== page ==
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illusionary world of the video, without endangering their own physical safety.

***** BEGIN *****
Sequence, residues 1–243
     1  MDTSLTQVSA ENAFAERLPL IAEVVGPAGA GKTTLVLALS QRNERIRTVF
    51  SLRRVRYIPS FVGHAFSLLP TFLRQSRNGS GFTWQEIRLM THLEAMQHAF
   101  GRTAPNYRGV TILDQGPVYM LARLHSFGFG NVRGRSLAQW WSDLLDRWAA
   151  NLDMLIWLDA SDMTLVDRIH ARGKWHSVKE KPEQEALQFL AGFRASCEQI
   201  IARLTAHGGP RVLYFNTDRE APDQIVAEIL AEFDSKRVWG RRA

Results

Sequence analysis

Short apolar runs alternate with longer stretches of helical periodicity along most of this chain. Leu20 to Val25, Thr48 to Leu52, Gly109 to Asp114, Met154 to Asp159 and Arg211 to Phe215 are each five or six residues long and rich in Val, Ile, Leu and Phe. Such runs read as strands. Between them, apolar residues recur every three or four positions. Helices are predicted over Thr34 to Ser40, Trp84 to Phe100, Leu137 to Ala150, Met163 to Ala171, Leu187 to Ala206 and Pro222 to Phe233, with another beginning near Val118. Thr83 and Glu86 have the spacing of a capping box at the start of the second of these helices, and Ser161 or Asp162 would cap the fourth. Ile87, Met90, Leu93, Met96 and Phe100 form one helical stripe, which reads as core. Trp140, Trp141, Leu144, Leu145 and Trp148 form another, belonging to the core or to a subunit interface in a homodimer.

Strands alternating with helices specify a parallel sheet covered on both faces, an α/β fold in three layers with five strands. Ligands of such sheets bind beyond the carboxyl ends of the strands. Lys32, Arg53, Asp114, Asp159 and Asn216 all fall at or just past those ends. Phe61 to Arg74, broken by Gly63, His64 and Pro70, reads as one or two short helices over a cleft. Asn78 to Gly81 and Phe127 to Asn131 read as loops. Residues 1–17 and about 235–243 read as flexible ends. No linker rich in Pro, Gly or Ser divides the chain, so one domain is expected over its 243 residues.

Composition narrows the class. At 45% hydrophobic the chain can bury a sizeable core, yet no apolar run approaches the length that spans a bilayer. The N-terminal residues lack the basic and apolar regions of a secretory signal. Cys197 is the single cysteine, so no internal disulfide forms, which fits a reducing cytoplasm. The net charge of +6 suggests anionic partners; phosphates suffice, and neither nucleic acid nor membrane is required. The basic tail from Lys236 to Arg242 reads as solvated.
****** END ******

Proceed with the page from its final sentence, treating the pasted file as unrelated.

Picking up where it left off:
melodrama. To the present, at the heart of this culture of distraction (which resulted from the aforementioned development of the cinema) is the human need to be in another place, to take on another identity. This urge is satisfied by a perfect illusion, which, with the help of optical effects and new picture-making technologies, causes the frames that define the image as an image by circumscribing it to disappear: As his visual field is expanded, the observer is able to imagine that he is part of what he perceives.  This sort of stimulus aesthetic first began to be investigated as early as the eighteenth century. The English country garden was an imaginative area, which one entered as if one were stepping into a living painting. It allowed the visitor to be transported to another reality, as if he were wandering through a naturally staged film set. We could consider it to be an immersion tool, whose visuality anticipated the cinematic effects of Hollywood movies. Alexander Pope’s instructions for artfully concealing fencing in parks, or alternating between rural accents and fantastically staged surprises such as classical temples, monuments, artificial ruins, illuminated waterfalls,